I actually dozed off more than once during this fiasco. Does that disqualify me from giving a review? Or is that the review? And this was after starting off with a 128 ounce Coke.
It starts out great — the montage under the opening credits is fascinating. Then people start talking. No movie I have covered on this site has had more lackluster dialogue than Godzilla (the movie, not the monster).
OK, no one went to this expecting My Dinner with Andre. But just compare scenes from Jaws or Close Encounters or Independence Day to similar scenes in this movie. The dialog is constantly clunky or too wordy, never artful, and rarely effective.
I first noticed this when Bryan Cranston was being detained. It instantly reminded me of Richard Dreyfuss being held in a small trailer by the Army in CE3K. That short non-action scene in Close Encounters was made interesting and suspenseful in just a few sentences. Even an actor as good as Cranston could not sell the terrible words he was given in his comparable scene. I wish I could find the script online to give many more examples.
And thank God I did not find a bootleg DVD in the street, so I am not tempted to even just skim this movie again to make notes. I will never watch this movie again. I wasn’t even planning on writing about it, but the spent time and money are buggin’ me, man! Where to start? How much time is worth wasting on this movie?
- It is kind of a bait & switch to show Bryan Cranston so prominently in the ads. He really is killed off pretty early. And maybe I was already getting drowsy, but somehow I missed him dying. I saw him strapped to gurney with a neck support. Was he already dead? Was that even him?
- I always like Elizabeth Olson, but she is completely wasted in this film (and not in the good way).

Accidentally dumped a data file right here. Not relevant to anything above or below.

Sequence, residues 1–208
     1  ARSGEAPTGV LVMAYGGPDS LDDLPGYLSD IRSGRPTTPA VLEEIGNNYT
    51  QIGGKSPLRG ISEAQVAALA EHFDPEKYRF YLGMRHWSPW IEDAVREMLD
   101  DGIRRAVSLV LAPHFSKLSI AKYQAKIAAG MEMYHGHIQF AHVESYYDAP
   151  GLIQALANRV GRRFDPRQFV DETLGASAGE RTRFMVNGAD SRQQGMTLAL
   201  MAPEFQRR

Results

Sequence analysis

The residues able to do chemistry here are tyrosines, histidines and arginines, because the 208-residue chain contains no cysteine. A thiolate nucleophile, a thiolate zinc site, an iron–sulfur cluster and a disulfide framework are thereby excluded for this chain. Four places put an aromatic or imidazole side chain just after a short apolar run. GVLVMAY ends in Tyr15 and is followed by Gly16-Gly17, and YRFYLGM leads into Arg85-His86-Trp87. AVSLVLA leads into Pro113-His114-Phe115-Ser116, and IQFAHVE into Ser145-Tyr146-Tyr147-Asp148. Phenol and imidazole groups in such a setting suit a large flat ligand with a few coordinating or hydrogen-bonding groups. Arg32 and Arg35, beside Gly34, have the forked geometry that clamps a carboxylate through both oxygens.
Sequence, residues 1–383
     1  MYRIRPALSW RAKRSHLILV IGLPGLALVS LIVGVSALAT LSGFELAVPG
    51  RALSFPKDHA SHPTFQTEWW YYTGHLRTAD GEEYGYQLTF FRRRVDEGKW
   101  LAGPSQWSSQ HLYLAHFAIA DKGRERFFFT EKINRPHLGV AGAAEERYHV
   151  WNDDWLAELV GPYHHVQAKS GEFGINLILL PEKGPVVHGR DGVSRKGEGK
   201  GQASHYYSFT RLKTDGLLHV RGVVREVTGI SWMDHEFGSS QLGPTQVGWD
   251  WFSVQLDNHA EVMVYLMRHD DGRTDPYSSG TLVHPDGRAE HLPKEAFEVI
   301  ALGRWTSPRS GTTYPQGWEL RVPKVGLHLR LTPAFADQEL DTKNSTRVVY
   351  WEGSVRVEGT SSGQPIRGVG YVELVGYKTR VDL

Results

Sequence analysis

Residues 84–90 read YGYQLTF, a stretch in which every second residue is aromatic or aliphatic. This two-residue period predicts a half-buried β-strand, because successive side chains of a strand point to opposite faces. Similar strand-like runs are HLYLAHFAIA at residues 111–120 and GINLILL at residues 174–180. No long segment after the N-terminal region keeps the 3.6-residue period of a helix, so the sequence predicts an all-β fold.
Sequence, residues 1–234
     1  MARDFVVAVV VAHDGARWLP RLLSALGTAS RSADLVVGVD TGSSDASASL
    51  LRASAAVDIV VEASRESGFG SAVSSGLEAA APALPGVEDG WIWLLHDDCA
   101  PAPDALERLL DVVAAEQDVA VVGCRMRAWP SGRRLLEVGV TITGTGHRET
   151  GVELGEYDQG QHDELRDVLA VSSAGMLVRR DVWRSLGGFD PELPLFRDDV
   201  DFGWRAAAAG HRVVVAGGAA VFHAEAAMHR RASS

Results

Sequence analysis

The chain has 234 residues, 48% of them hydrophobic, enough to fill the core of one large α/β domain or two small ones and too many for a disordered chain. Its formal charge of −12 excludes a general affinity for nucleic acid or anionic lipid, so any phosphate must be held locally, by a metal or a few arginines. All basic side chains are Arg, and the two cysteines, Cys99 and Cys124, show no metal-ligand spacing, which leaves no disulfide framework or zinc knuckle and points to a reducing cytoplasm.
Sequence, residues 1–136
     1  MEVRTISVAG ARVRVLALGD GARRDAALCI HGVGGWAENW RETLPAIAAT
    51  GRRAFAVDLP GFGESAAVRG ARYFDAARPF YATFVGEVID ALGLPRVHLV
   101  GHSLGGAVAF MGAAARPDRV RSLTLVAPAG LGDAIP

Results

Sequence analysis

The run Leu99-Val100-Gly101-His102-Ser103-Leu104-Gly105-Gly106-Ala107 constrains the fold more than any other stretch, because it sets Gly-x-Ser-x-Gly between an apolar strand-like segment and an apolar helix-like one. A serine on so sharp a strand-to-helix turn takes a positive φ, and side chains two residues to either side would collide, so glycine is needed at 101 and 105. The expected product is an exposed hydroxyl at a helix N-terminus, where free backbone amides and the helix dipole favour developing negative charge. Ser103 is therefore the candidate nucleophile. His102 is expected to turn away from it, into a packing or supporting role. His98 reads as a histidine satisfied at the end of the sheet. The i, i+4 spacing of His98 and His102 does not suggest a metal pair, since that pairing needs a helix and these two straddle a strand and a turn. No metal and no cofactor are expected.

- Kick-Ass, where art thou? Aaron Taylor-Johnson is a colossal bore as Cranston’s son. A problem since he is arguably the lead character. He reminds me of Bruce Willis’ son in Die Hard 5 — the movie is already crap, and one of the leads is an absolute non-entity. I would have paid an extra buck to see Jesse Pinkman as his son.
- David Strathaim — another good actor totally wasted. And what is this obsession with shooting the back of his head? Marcellus Wallace got more face-time.
- When Cranston removes his haz-mat helmet and takes a breath, are they suggesting that he can smell that there is no radiation?
- Another CE3K comparison: the discovery of the ship in the desert vs the discovery of the Russian sub in the forest in Godzilla. Fun, mysterious, beautiful vs zzzzzzzz.
- When Cranston was ranting, “that was no earthquake, that was no typhoon . . .” I expected him to continue, “this is not a boat accident, and it wasn’t any propeller!”
- And if that Hiroshima story was supposed to be as effective as the USS Indianapolis story in Jaws. Just no.
- Add Aliens to the homage list for the burning of the egg-sac.
- I remember Roger Ebert saying one time that Heaven’s Gate was so poorly filmed that even the primary act of looking at the screen was a chore. Same here. In most of the scenes, it is either night, or there is a nuclear winter sized dust cloud which grays out the entire shot. Some shots were so washed out, that they would have actually been more colorful in black & white.
- The bit with the lost little boy on the train was so quickly contrived, then immediately resolved in an absurd coincidence that it is laughable in its attempt to manipulate the audience.
- The design of the MUTOs was distracting. For a while, I thought they were mechanical due to the shape of the head, and the red lights. I liked them more when I initially thought they were named MOTOs.
- Didn’t understand the thing with the bus on the bridge, and the dog scene was just weird. Again, maybe I was resting my eyes. Something was off about that opening birthday riff also.
- How do these 300 foot monsters so often manage to sneak up on people?
- And why was Godzilla fighting for humans anyway? Didn’t we nuke him 60 years ago?
Memories were fading before leaving the parking lot. I need to start taking a notepad to the theater. And a good pillow.
Lastly. When buying tickets online, I was very surprised that the 3D show starting in an hour had sold out, but the 2D show starting in 30 minutes was only 1/3 full. This movie is already so dark, it seems like it would be disastrous for the always-too-dark 3D option.